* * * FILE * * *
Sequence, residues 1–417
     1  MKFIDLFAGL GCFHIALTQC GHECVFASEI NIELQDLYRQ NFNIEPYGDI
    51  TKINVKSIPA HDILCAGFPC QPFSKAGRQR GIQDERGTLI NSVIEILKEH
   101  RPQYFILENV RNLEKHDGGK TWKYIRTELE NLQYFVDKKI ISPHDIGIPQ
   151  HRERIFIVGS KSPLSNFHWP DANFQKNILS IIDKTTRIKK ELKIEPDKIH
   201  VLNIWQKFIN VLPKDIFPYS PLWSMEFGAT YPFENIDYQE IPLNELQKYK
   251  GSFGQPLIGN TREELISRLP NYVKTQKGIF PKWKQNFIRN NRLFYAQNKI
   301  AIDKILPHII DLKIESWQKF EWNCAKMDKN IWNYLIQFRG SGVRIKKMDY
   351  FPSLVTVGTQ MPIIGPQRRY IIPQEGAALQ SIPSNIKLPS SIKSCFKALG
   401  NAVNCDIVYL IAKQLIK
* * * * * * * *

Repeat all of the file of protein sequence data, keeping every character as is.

Sequence, residues 1–417
     1  MKFIDLFAGL GCFHIALTQC GHECVFASEI NIELQDLYRQ NFNIEPYGDI
    51  TKINVKSIPA HDILCAGFPC QPFSKAGRQR GIQDERGTLI NSVIEILKEH
   101  RPQYFILENV RNLEKHDGGK TWKYIRTELE NLQYFVDKKI ISPHDIGIPQ
   151  HRERIFIVGS KSPLSNFHWP DANFQKNILS IIDKTTRIKK ELKIEPDKIH
   201  VLNIWQKFIN VLPKDIFPYS PLWSMEFGAT YPFENIDYQE IPLNELQKYK
   251  GSFGQPLIGN TREELISRLP NYVKTQKGIF PKWKQNFIRN NRLFYAQNKI
   301  AIDKILPHII DLKIESWQKF EWNCAKMDKN IWNYLIQFRG SGVRIKKMDY
   351  FPSLVTVGTQ MPIIGPQRRY IIPQEGAALQ SIPSNIKLPS SIKSCFKALG
   401  NAVNCDIVYL IAKQLIK